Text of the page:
The Problem with Thinking Fast

A burger and a slice of cheese together cost $1.10. The burger costs a dollar more than the cheese. How much does the cheese cost?

(It’s more impactful if you answer how much the cheese costs before continuing on)

Your answer to the cost of cheese may have depended on which psychological mode of thinking you engaged in. If you chose to answer quickly, your answer was likely 10¢, but if you stopped and worked the answer meticulously then you should have come up with the correct answer of 5¢. For those interested, here’s the algebra:

$1.10 = Cheeseburger Cost
X = Cheese
Y = Burger

X+Y = $1.10
Y-X = $1.00

With two unknowns (X & Y) and two equations we can substitute the first equation into the second.

X+Y=$1.10 → Y=$1.10-X → Substitute $1.10-X for Y
Y-X=$1.00 → ($1.10-X)-X=$1.00 → $1.10-2X=$1.00 → -2x=-$0.10 → x=$.05 → Cheese=$.05

Daniel Kahneman explained these two modes of thought seen in the aforementioned cheeseburger example in his bestseller, Thinking, Fast and Slow. His definition of each was:

  • System 1 operates automatically and quickly, with little or no effort and no sense of voluntary control.
  • System 2 allocates attention to the effortful mental activities that demand it, including complex computations. The operations of System 2 are often associated with the subjective experience of agency, choice, and concentration.

If you didn’t like the cheeseburger example try to see if you can feel the two modes of thinking when working through the following two equations:

2+2=

15*71=

You automatically knew 2+2 was a math question (System 1) and that the answer was 4 (System 1) but 15*71 required your brain to engage in added mental effort and required a multi-step process to solve the problem (System 2). Each of these modes of thinking has its own abilities, limitations and advantages. Another example of your quick thinking mode is detecting a potentially hostile person just by the tone of their voice or the expression on their face. Checkout the picture of the person below:

Scared Man

You surely recognized that this person was likely angry just as fast as you realized he was a man. This quick mode of thinking historically has helped our ancestors avoid danger. While this reflexive thinking was useful when man lived in caves, it is now often an impediment to successful decision making in 21st century life.

Since the autonomic system 1 kicks in reflexively, we must be aware of its influence when we make personal finance and investment decisions. If given the opportunity, humans naturally want to stay in system 1, where we can quickly and effortlessly make decisions. However, personal finance and investment decisions deserve and demand the detailed thought processes of system 2.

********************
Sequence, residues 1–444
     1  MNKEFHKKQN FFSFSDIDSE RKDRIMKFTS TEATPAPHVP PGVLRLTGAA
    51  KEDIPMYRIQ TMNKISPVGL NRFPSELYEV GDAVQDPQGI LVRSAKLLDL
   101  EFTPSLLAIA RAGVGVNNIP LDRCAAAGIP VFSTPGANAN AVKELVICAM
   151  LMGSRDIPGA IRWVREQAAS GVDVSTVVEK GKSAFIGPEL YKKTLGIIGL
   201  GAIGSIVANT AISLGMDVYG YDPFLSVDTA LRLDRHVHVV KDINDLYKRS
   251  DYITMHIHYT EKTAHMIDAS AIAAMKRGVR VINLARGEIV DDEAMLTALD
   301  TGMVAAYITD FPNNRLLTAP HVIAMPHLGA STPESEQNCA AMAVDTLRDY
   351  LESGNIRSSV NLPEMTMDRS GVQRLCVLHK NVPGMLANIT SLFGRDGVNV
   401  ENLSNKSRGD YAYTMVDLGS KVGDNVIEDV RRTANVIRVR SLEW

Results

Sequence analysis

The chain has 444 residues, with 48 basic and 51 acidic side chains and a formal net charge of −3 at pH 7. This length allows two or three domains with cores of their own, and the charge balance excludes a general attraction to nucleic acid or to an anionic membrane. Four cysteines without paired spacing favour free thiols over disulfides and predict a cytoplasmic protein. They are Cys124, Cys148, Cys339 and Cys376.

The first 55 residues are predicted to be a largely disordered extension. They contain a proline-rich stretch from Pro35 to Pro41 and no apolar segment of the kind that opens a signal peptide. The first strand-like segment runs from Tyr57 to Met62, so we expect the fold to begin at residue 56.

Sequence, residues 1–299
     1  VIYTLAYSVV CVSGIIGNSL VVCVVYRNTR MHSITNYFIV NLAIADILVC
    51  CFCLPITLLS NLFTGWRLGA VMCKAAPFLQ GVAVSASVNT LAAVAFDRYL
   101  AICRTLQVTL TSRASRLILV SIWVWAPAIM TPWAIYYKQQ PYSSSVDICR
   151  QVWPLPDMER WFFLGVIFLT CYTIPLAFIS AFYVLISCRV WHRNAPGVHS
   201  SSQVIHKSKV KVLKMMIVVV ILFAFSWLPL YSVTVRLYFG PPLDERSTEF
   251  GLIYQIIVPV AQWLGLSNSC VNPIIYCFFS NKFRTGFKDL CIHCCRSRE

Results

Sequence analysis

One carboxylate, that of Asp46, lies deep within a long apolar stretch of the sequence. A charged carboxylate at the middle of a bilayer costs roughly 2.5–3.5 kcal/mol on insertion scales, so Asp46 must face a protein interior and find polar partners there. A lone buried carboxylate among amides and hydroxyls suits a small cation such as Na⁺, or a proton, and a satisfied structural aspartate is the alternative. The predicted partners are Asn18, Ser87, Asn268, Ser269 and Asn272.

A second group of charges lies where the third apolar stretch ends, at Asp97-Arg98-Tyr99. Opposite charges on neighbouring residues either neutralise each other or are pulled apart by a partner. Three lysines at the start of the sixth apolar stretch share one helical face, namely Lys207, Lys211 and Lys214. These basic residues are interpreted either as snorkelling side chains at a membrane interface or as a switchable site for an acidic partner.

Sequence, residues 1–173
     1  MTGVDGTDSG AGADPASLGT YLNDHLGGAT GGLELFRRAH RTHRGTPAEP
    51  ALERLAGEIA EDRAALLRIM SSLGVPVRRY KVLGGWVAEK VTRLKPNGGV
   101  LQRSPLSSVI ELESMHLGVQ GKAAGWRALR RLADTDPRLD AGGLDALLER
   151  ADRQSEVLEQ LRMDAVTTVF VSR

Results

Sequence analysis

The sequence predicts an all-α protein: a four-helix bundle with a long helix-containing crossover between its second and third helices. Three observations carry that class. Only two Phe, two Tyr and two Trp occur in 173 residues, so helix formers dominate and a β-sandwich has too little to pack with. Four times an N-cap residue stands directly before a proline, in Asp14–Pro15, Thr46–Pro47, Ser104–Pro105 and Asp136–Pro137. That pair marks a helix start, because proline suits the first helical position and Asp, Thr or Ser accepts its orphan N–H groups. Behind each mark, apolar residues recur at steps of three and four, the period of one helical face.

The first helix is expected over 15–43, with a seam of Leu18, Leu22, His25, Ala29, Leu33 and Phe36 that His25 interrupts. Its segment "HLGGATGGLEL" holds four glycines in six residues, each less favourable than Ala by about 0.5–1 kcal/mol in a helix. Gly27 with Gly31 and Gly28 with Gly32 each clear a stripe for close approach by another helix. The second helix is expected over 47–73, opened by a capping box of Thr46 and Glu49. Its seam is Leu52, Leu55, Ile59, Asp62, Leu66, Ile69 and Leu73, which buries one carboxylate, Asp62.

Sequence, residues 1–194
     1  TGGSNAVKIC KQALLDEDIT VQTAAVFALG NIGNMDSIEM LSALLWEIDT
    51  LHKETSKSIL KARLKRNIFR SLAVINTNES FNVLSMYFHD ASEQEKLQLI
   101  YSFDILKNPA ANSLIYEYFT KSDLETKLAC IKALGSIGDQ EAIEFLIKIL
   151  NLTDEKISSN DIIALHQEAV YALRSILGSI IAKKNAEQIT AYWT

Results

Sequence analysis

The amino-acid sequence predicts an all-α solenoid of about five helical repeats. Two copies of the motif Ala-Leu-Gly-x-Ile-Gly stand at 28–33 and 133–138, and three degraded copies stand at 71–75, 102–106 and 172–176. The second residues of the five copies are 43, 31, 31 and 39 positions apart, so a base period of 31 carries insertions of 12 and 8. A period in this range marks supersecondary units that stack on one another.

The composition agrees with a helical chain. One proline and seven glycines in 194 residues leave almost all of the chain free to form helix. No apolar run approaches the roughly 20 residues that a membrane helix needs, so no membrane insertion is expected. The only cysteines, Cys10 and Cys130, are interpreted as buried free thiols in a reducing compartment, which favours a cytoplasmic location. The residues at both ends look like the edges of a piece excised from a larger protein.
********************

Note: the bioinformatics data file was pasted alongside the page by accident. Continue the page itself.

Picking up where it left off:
We can see hints of this psychological effect play out in the overall stock market and even more clearly in our personal buy and sell decisions. In fact, HIT Investments studies these behavioral tendencies to gain a competitive advantage. The most common example is the tendency to “buy high and sell low”. When the “consensus” about the market is positive and it trends upwards, the basic instinct is to buy as prices increase. When the “consensus” is negative as the market trends down, the basic instinct is to sell as the price decreases. This is the same system 1 reaction as effortlessly perceiving the man in the picture as angry or simply knowing 2+2 equals 4 without any computation. To keep from falling into this system 1 trap in our personal finance decisions, we must create a set of fundamental rules and reasons why we choose each specific investment. In other words, we must engage system 2 to create an intelligent investment plan. Then when our instincts naturally tell us to sell as the market declines, we have a well thought-out plan to evaluate whether it is a good idea to close or reduce our position. If the original plan remains viable during the downturn, such as having a long-term time horizon where market swings are expected, there is now a logical reason to resist the natural urge to sell.

In the personal finance realm we run into marketers playing to our system 1 thinking on a daily basis. For example:

  • a billboard with some delicious looking French fries may make us hungry,
  • a sale where the product’s price was originally marked up above the average selling price to start with, i.e. MSRP,
  • or how about a solicitor greeting you with a big smile and happy tone when their primary objective is to create a friendly atmosphere to clean out your wallet.

To keep from continuously falling victim to the consumerism culture that surrounds us, we need to be aware of our autonomic system 1 quick thinking mode. We won’t be able to change how our brain works but we can increase our awareness of the process and turn what used to be a liability into an advantage.

Disclosure:
HIT Investments is currently studying how these behavioral biases result in market inefficiencies, specifically in relation to the factor referred to as momentum.

2017-05-22T18:18:22+00:00

One Comment

  1. Harry March 25, 2017 at 9:45 am - Reply

    I really like your example as I initially thought it was 10c until I added it up and the result was $1.20 instead of $1.10. Our mind really works in mysterious ways, thanks for the insight.

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